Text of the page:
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Ways to Make the Holidays More Inclusive

Christmas is such a fun and festive season that many of us desperately need during these dark and gloomy months spent at home due to COVID-19. The scent of peppermint bark, hot chocolate, Christmas carols, and the prospect of finishing online school and changing into fuzzy pajamas are all elements that make this year’s Christmas all the more special. However, while Christmas is a joyful and merry occasion for all of us, irrespective of cultural backgrounds and religious beliefs, it is known to most of us that these traditions are Westernized.  

 

To make Christmas more inclusive for all, it is important to invite your friends to Christmas parties and other holiday-themed parties. Do your research on their traditions, dishes they like, and other ways to incorporate their cultures into the celebration. For instance, Ethiopians like to eat doro wat (chicken cut into 12 pieces of meat, after a 40-day vegan fast) on Christmas Day. Maybe organize a holiday themed potluck in the month of December and ask your friends to bring a cultural dish. Not only will those result in more discussion and sharing of cultures, but it will strengthen your relationships. Another important thing to keep in mind when hosting these parties is to ensure that your party caters to diverse diets (vegetarian, vegan diets, no beef for Hindu friends, etc), so that no one is excluded.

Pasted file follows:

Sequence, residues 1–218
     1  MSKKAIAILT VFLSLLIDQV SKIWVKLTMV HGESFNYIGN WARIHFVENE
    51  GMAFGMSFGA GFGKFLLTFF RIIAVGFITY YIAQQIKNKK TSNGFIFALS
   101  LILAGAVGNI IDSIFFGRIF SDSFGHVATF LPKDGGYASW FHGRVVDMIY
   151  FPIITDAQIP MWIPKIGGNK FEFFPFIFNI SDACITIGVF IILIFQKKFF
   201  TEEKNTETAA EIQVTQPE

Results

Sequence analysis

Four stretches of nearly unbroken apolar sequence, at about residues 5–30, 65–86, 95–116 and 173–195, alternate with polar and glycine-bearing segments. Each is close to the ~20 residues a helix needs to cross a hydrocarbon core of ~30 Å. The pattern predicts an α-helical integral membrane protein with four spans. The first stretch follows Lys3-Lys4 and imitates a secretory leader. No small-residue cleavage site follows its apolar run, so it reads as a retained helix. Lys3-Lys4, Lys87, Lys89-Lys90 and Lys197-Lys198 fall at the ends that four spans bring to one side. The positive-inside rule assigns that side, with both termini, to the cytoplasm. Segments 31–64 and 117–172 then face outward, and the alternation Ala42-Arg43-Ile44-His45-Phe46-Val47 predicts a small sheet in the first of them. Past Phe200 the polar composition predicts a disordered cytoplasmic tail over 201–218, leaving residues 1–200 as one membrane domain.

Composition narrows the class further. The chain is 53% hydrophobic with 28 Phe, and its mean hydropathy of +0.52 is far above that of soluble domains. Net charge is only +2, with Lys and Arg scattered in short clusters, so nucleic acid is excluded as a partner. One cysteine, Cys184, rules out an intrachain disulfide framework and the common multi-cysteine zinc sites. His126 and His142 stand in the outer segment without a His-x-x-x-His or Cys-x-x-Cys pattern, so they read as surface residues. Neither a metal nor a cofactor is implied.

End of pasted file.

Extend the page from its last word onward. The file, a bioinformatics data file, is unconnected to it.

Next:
Take the time to learn more about Hanukkah and the Bodhi tree to enhance your understanding of other cultures during the holidays. These types of small gestures will cause your friends to feel more accepted and happier that their friends are aware of their cultures. Aside from wishing your friends “happy holidays” and making them feel like they’re part of the celebration, you can also educate yourself about Ramadan and mark your calendars to have special celebrations with your friends in the future. During future events, you can try organizing a celebratory lunch for your friends and even give them gifts to make them feel included. 

 

Lastly, remember not to judge your friends who may not feel comfortable celebrating Christmas. Don’t exclude them from Secret Santa, or single them out if they don’t want to participate in potlucks and other festivities. No, they aren’t being a Grinch or anti-Christmas. They might not feel comfortable due to their own cultural backgrounds and religion. Try and understand why your friend may not be participating (don’t assume, stereotype, or judge!) and be compassionate – which really is what the spirit of Christmas is all about. 

 

Overall, remember to think of different backgrounds when you plan parties. For instance, if you know someone who may feel uncomfortable, try and hold a New Year’s Eve party instead of something Christmas-themed to make them feel included. With the pandemic you may even have less limitations now that people don’t have to drive through snow to get to parties – you can simply organize these parties through Zoom! Have a safe and happy holiday season!

 

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